MIE probably notified several other states, but many states, including the Massachusetts Attorney General's office, do not post online breach notices they receive. (They should, since it helps consumers verify breach notices.) HIPAA federal law requires certain entities to send breach notices to affected patients for breaches of unprotected data affecting more than 500 patients. At press time, a check of the Health & Human Services site did not find an MIE breach listing. When posted, it should reveal the total number of patients affected by the breach.

The breach notice my wife received was dated July 17, 2015. It repeated information already available online and offered few, new details. It began:

"My name is Eric Jones and I am co-founder and COO of Medical Informatics Engineering, a company that provides electronic medical record services to certain health care provider clients, including Concentra. On behalf of Medical Informatics Engineering, I am writing to notify you that a data security compromise occurred at medical Informatics Engineering that has affected the security of some of your personal  and protected health information. This letter contains details about the incident and our response..."

My wife didn't recognize either Concentra nor No More Clipboard by name. The notice she received listed the following patients' information as exposed or stolen:

"While investigations into this incident are ongoing, we determined the security of some personal and protected health information contained on Medical Informatics Engineering's network has been affected. The affected information: SSN, Address, Phone, Birth Date"

This seemed vague. Which address: e-mail or residential street address? Which phone: mobile, land-line, or both? Were Social Security Numbers stored in open or encrypted format? And, if not encrypted, why not? The breach notice didn't say much.

Then, there is this: the breach letter my wife received included far fewer information elements than the July 24, 2015 press release:

"The affected data relating to individuals affiliated with affected Medical Informatics Engineering clients may include an individual’s name, telephone number, mailing address, username, hashed password, security question and answer, spousal information (name and potentially date of birth), email address, date of birth, Social Security number, lab results, health insurance policy information, diagnosis, disability code, doctor’s name, medical conditions, and child’s name and birth statistics. The affected data relating to individuals who used a NoMoreClipboard portal/personal health record may include an individuals’ name, home address, Social Security number, username, hashed password, spousal information (name and potentially date of birth), security question and answer, email address, date of birth, health information, and health insurance policy information."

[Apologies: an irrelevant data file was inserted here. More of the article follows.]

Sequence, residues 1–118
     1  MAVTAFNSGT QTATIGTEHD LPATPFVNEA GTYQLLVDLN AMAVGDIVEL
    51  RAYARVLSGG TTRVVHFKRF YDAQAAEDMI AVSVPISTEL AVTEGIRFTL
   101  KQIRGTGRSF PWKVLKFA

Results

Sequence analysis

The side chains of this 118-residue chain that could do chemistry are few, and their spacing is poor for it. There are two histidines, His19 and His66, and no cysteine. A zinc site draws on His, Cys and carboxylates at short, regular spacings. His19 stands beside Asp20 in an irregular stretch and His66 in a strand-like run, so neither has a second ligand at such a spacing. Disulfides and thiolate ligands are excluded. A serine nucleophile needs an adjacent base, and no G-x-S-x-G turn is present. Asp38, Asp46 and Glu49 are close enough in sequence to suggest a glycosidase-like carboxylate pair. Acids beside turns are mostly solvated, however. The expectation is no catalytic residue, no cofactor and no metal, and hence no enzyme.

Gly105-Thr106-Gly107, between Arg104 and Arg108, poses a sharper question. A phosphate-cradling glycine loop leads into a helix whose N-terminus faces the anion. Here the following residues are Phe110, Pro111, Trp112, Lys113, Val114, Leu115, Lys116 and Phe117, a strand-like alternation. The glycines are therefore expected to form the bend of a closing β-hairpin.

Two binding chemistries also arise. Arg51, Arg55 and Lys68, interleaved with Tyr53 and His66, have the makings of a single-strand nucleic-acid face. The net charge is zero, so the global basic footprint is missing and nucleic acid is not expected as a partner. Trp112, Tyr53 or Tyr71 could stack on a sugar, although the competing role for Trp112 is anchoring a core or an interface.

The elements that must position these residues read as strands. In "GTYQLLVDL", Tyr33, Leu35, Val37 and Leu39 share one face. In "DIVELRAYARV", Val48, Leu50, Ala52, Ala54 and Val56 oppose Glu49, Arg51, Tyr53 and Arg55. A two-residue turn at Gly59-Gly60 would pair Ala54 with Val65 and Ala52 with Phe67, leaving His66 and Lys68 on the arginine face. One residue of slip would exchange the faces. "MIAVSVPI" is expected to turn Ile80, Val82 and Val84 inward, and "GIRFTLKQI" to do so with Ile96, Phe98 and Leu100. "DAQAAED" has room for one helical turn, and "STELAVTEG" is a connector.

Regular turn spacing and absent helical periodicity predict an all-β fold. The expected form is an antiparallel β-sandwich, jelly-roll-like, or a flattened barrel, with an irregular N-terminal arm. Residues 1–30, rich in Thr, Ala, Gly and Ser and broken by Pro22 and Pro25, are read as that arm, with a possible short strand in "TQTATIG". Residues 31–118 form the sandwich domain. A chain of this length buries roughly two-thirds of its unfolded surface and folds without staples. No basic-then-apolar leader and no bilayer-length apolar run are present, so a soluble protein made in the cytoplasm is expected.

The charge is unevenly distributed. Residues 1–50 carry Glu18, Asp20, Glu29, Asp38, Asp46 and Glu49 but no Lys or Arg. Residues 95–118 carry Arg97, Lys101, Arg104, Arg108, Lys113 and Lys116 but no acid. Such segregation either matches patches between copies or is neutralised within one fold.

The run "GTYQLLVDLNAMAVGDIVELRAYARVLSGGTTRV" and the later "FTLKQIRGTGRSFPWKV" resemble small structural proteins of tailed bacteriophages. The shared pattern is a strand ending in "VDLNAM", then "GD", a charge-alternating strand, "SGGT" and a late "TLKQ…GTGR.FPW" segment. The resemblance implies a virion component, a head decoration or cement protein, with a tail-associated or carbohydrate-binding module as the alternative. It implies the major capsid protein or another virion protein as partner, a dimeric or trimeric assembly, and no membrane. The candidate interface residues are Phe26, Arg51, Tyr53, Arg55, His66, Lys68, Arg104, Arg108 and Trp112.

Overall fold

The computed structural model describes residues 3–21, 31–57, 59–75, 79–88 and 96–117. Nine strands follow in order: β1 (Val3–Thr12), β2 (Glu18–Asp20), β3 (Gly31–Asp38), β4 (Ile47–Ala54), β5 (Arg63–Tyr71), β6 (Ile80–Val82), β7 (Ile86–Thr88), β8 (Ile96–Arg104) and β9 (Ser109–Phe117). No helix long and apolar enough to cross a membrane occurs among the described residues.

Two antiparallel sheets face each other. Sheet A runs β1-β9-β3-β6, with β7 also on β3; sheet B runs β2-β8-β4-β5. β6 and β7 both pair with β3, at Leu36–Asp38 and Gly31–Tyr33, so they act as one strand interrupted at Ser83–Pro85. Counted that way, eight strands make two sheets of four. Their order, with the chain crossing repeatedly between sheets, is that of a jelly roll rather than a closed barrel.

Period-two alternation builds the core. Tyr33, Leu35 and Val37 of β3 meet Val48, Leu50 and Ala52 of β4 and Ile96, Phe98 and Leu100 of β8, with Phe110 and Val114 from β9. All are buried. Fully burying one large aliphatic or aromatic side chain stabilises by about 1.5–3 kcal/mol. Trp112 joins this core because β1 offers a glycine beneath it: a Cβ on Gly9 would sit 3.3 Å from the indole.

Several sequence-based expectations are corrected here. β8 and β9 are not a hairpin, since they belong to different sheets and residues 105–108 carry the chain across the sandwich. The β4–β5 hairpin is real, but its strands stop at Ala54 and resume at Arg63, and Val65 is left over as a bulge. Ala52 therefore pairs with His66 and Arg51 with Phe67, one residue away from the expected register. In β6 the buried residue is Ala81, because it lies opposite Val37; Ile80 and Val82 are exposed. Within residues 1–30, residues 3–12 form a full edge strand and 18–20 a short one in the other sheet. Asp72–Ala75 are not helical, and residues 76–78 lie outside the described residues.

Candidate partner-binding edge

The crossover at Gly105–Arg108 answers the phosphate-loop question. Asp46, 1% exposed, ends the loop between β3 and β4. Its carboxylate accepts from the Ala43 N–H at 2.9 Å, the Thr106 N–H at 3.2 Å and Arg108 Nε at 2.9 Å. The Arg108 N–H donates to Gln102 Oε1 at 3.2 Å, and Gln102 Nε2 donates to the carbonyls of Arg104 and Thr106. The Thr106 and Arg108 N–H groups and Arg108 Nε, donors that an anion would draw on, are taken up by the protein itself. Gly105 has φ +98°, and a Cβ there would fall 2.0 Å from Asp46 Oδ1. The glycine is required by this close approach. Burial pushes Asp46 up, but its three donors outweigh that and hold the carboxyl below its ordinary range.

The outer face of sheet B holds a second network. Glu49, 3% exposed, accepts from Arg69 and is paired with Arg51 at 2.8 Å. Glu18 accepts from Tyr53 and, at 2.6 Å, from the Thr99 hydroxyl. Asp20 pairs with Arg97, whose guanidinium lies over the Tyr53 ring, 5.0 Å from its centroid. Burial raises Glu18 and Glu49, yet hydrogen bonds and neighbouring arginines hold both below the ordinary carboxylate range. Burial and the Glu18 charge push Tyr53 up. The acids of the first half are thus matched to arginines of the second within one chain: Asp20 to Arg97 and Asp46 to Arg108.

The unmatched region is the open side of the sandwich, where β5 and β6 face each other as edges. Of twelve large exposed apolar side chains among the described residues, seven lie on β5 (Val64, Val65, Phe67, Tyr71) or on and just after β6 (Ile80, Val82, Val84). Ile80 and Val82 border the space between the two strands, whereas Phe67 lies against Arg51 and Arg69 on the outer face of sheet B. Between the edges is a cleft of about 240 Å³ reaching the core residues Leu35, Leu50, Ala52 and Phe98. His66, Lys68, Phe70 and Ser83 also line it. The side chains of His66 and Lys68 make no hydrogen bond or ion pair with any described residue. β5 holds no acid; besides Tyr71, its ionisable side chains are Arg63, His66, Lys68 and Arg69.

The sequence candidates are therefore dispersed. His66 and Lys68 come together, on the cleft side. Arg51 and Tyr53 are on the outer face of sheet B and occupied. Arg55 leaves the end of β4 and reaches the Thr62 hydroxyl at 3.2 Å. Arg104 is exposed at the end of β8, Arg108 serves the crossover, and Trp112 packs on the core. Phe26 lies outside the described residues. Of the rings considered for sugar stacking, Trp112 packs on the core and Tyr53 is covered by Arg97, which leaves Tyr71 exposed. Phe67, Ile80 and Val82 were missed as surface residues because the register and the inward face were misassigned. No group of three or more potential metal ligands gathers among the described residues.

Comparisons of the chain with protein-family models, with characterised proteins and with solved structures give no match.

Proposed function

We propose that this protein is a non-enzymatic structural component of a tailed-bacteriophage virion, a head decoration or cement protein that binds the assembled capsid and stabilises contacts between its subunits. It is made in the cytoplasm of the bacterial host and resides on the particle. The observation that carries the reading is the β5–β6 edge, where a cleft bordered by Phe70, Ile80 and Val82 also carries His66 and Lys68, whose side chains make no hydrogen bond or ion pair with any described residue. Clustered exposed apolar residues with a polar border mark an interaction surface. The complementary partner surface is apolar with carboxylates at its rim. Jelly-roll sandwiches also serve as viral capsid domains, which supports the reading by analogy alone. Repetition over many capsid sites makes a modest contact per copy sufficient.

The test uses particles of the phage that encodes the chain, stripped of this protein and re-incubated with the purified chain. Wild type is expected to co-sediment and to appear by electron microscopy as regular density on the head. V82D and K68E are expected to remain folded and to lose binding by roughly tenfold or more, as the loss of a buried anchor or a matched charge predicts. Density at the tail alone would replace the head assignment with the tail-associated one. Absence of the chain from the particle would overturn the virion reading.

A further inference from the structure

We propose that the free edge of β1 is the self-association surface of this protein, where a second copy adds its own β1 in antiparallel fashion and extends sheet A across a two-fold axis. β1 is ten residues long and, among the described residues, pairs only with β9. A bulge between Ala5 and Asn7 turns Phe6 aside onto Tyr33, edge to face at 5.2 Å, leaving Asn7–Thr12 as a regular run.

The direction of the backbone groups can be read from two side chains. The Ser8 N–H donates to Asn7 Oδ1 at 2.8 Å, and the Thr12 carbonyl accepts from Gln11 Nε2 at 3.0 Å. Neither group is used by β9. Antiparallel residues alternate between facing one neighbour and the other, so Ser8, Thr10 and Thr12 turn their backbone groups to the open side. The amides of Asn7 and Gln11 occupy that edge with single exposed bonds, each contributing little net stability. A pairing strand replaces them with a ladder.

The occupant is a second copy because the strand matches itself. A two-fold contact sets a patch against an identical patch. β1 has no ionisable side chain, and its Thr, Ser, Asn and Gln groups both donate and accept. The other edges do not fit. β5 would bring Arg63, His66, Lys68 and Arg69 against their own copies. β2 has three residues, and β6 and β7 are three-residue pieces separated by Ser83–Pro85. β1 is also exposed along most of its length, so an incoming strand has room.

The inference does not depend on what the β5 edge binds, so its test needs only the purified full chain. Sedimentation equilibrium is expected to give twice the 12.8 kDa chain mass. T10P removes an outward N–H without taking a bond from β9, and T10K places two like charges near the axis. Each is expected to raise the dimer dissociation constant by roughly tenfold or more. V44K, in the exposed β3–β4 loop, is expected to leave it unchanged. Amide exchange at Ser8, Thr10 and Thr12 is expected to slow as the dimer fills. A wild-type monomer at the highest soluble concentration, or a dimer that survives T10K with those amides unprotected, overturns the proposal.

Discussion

This raised the question: which MIE document is correct? The breach notice, the press release, or neither? The notice seemed to raise more questions than it answered, so Monday morning we called the MIE hotline listed in its breach notice. After waiting 50 minutes on hold, a representative finally answered. The phone representative identified herself and her employer, Epic Systems based in Oregon. So, MIE outsourced the hotline support portion of its post-breach response.

I asked the representative to explain exactly how MIE acquired my wife's medical records. She looked up my wife's record in their system and replied that MIE had acquired it through business with Concentra. This was puzzling since neither my wife nor I have done business with Concentra. So, I was on the phone with one subcontractor who was pointing the finger at another subcontractor. Lovely. And, nobody on the phone actually from MIE. Disappointing.

Next, I called the nearest Concentra office, which is 17 miles away in Wilmington, Massachusetts. (We live in Boston.) The person in the billing department was helpful. (She admitted that she, too, had received a breach notice from MIE.) The representative attempted to find my wife's information in Concentra's systems. As my wife and I thought: no record. We have not done any business with Concentra. Confirmed.

The Wilmington-office representative's first answer was to give me the MIE breach hotline number. I explained that I had already called the MIE hotline. Then, the representative provided a regional contact in Concentra's human resources department. I have called Tyree Wallace twice, but so far no response. Not good.